Join me as I weave together my passion for writing and my love of all things Jane Austen. Please look for me on Facebook and on Twitter.
Leap of Faith
Leap of Hope
Miss Georgiana Darcy of Pemberley
The Persuasion of Miss Jane Austen
The Darcys of Pemberley
Mr. Collins’s Last Supper
For Myself Alone
Return to Longbourn
- Making a Scene at Georgiana’s Ball
- Summer Travels and Sagging Middles
- A Better Fate for Jane
- A Fresh Place of Interest
- Lady Catherine’s Celebrated Frankness
- Final Departure
- Number Eight is Underway!
- For the Love of the Game
- Time to Tour!
- Twin Sailing
- Double-the-Fun Cover Reveal
- Scavenger Hunt
- Go With What You Know?
- Meet Cora and Poindexter
- Austen’s Autumn
Tag Archives: Pride and Prejudice
When I mentioned on Facebook that I was writing the scene where Anne de Bourgh crashes Georgiana Darcy’s 18th birthday ball (for my work-in-progress, The Ladies of Rosings Park), I started to receive comments from enthusiastic friends about what they thought that … Continue reading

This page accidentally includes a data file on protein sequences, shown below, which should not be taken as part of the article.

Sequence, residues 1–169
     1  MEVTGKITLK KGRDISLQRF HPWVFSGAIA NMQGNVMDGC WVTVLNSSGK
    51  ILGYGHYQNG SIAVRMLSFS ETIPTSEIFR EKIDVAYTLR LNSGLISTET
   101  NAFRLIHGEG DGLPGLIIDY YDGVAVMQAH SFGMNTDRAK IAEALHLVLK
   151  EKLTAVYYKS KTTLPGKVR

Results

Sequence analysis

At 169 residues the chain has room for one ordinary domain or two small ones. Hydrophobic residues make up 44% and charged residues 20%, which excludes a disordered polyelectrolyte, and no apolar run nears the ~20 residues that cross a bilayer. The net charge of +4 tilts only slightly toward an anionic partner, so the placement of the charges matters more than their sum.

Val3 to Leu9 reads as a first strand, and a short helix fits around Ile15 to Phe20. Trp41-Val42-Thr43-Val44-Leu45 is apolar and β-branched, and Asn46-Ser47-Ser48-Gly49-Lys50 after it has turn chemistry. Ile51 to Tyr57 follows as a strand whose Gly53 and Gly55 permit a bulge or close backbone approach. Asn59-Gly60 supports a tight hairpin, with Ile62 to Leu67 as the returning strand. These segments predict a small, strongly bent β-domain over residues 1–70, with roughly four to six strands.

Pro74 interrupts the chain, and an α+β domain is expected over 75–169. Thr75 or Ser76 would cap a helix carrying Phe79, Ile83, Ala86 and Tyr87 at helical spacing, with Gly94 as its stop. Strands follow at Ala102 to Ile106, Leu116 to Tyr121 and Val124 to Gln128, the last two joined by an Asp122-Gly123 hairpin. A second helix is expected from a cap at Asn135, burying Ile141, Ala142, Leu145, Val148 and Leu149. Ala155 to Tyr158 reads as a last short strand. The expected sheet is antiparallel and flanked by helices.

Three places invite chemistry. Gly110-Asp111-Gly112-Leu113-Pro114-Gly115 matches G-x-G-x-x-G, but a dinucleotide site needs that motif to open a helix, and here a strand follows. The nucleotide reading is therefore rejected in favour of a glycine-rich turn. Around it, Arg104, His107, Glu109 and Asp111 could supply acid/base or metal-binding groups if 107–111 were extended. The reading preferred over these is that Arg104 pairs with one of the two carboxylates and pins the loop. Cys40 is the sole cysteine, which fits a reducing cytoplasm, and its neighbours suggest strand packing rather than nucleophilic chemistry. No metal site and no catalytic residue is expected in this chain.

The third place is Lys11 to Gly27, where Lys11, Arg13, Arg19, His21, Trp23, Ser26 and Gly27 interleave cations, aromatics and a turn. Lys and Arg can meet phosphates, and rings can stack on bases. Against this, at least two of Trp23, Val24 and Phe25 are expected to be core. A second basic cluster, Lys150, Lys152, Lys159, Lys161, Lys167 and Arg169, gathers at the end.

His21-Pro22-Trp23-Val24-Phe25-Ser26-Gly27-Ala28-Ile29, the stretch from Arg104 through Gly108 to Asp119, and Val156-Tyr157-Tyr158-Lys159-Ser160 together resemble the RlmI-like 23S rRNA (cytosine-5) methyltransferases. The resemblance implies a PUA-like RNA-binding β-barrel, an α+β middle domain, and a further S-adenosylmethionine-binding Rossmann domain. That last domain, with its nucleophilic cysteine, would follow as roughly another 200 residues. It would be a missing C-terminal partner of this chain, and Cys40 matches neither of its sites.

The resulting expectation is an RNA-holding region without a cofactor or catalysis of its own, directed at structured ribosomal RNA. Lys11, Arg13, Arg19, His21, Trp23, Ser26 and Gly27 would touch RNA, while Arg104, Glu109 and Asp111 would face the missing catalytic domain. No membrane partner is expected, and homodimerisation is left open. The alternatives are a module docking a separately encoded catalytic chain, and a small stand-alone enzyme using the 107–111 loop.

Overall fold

Don’t you love the title? Once it came to me, I had to go with it. However little Mr. Darcy might have liked such an address, he contented himself with coolly replying that he perceived no other alteration than [Elizabeth] … Continue reading
“Miss Bennet,” replied her ladyship, in an angry tone, “you ought to know that I am not to be trifled with. But however insincere you may choose to be, you shall not find me so. My character has ever been … Continue reading
First, let me thank everyone who has already read one or both of my two new releases, Leap of Faith and Leap of Hope, especially those who have gone the extra mile and posted a review. I appreciate your confidence and support … Continue reading
This month marks the 5-year anniversary of the publications of The Darcys of Pemberley! My baby (my very first novel) is five years old now, and I’m so proud of how well it has done out there in the big, wide … Continue reading
English is not a static language. It’s constantly changing, whether we like it or not. Twenty years ago, “mouse” meant a rodent we hoped never to find in our houses. Now, it’s a friendly little gizmo we’ve grown quite attached … Continue reading